Local law enforcement officials are stating that a bad batch of heroin is responsible for 5 overdose incidents within the past 2 weeks. At least one of these incidents has resulted in the death of a young man and a second was saved through the use of a Narcan kit and was subsequently hospitalized. It is unclear at this time if the Heroin is just unusually pure, resulting in overdoses from users unaccustomed to the strength of these doses or if it has been cut with some kind of other chemical that has lethal effects on users.
It is common for high level dealers of this drug to reduce the purity of the product through mixing in other chemicals that look like heroin but do not cost as much. In this way they may expand a pound into 2 pounds and double their money from the sale. Some typical chemicals used to cut heroin include quinine, acetaminophen, lactose, milk sugar and sucrose. The non-drug ingredients simply add bulk to the product, increasing the overall profit to the dealer. Other drugs mixed into the heroin compound or alter its effect and can improve the quality of the product.
Local law enforcement activities have increased recently in attempts to get this particular batch off the street to prevent any further deaths. The North Shore area is known for having a ready supply of high quality, inexpensive heroin. Much if it comes in by boat through the numerous ports up and down the coast.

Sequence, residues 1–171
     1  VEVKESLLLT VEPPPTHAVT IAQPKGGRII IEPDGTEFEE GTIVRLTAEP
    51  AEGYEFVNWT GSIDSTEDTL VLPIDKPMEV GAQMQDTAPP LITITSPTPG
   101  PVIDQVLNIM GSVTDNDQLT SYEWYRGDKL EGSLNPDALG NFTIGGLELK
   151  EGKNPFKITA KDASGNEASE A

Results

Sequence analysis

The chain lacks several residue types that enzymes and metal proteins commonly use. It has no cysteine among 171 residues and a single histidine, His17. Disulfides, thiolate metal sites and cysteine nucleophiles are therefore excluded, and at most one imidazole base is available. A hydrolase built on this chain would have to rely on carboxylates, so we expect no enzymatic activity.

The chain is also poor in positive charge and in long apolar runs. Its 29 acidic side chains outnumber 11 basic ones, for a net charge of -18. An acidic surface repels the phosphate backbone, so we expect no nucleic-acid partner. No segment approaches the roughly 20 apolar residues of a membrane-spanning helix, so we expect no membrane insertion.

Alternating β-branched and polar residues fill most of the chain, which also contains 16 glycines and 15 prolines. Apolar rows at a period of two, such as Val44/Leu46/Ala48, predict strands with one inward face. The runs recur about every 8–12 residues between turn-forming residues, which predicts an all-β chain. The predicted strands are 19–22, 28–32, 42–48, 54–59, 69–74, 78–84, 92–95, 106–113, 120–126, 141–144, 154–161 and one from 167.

Local human service agencies have engaged in ongoing efforts to train as many people as possible in the administration of Narcan and distribute home use kits to prevent opiate related deaths. In the past year, one organization states these efforts have prevented over 100 drug related deaths. Narcan, or Naloxone injection is used to prevent or reverse the effects of opiate (narcotic) overdose, including difficulty breathing, sleepiness, low blood pressure, and death. As part of a Massachusetts Department of Public Health overdose prevention project, between November 2007 and November 2011 more than 11,000 persons were trained to prevent, recognize and respond to an opioid overdose and administer naloxone (Narcan®). As of June, 2012, Massachusetts DPH has documented reversal of 1400 potentially fatal overdoses.
The Massachusetts Organization for Addiction Recovery (MOAR), a grass roots organization dedicated to drug abuse prevention and treatment states that between 2002-2007, 3,265 Massachusetts residents died from opiate-related overdoses. And from 1999-2005, there was a 63.5% increase in opioid-related overdose deaths. It is quite clear that this problem is continuing and appears to be increasing in intensity and prevalence.